The husband’s experience of his wife’s childhood sexual abuse: An exploratory study and implications for couple therapy

Stacey Hunt-Amos, Richard J. Bischoff, Rene Pretorius

Research output: Contribution to journalArticle

2 Scopus citations


Childhood sexual abuse is a prevalent problem that has persistent negative consequences. Although attention in the literature is focused on the survivor of the abuse, spouses of survivors of abuse also experience negative consequences of the abuse. This report summarizes the findings of a study designed to determine the experience and meanings attributed to that experience of husbands of women sexually abused as children. Using phenomenological methodology, in depth interviews were conducted with four men who did not learn until after they were married that their wives had been sexually abused as children. The study found that although the manner of discovery varied, periods of shock and disbelief were common. As the realization of the reality of the abuse set in, each of these men experienced anger. Unfortunately, the anger disrupted the marital relationship and hindered the wife's recovery. Over time, husbands learned that their role in relation to their wife and the abuse was to be a trustworthy container of information about the abuse. Husbands learned that they had to give up their role as “fixer” and adopt a role as “supporter.”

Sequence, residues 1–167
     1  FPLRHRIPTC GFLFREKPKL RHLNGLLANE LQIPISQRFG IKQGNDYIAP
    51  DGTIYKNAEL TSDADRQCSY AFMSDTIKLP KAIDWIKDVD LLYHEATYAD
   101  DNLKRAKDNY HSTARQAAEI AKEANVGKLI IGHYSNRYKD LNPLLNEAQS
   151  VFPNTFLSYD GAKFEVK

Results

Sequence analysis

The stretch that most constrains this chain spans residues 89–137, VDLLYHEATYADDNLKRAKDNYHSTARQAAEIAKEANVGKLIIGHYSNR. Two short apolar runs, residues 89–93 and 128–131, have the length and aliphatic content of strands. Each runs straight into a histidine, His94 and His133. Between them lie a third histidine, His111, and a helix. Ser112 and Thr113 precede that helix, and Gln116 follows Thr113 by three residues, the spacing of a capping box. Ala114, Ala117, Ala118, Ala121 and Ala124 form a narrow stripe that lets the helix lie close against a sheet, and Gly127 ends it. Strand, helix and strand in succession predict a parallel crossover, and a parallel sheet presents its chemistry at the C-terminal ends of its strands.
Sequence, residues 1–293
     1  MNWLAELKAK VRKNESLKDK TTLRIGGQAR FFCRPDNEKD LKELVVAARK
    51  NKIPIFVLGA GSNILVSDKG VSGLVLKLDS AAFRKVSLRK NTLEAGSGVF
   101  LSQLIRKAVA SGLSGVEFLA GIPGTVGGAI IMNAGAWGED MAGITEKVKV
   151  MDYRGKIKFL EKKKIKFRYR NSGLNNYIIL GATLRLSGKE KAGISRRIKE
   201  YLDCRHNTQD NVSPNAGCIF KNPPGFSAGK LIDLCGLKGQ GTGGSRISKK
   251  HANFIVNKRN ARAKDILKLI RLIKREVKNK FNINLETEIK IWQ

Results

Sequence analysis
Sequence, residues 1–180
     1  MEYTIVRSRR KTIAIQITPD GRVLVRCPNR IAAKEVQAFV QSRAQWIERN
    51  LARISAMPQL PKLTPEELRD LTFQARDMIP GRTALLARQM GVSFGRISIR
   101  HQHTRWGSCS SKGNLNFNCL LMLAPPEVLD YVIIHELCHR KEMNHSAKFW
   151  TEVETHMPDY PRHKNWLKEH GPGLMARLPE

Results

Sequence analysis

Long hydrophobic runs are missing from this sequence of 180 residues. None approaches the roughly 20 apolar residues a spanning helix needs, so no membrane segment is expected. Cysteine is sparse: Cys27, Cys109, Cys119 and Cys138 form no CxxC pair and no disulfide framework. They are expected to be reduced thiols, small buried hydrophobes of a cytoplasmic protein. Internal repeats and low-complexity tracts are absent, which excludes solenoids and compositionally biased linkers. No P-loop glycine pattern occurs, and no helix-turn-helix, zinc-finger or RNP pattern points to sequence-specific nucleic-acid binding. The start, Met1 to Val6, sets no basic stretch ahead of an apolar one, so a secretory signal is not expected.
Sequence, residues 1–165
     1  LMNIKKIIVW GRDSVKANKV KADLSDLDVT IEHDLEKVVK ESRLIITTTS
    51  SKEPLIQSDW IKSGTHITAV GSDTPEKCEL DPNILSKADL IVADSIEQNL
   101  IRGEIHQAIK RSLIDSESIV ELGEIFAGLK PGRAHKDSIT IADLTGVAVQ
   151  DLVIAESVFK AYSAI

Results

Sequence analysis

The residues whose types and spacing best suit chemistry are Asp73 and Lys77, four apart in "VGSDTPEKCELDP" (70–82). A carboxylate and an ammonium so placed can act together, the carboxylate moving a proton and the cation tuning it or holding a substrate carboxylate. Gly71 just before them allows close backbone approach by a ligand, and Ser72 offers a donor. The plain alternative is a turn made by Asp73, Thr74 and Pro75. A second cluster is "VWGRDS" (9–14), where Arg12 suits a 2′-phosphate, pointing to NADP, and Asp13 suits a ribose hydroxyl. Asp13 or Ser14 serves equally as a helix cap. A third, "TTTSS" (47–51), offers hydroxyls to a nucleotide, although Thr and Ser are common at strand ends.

Original languageEnglish (US)
Pages (from-to)1-21
Number of pages21
JournalJournal of Couple and Relationship Therapy
Issue number4
Publication statusPublished - Dec 14 2004



  • Childhood sexual abuse
  • Couple therapy
  • Partners of adult survivors of childhood abuse

ASJC Scopus subject areas

  • Gender Studies
  • Social Psychology
  • Applied Psychology
  • Social Sciences (miscellaneous)

Cite this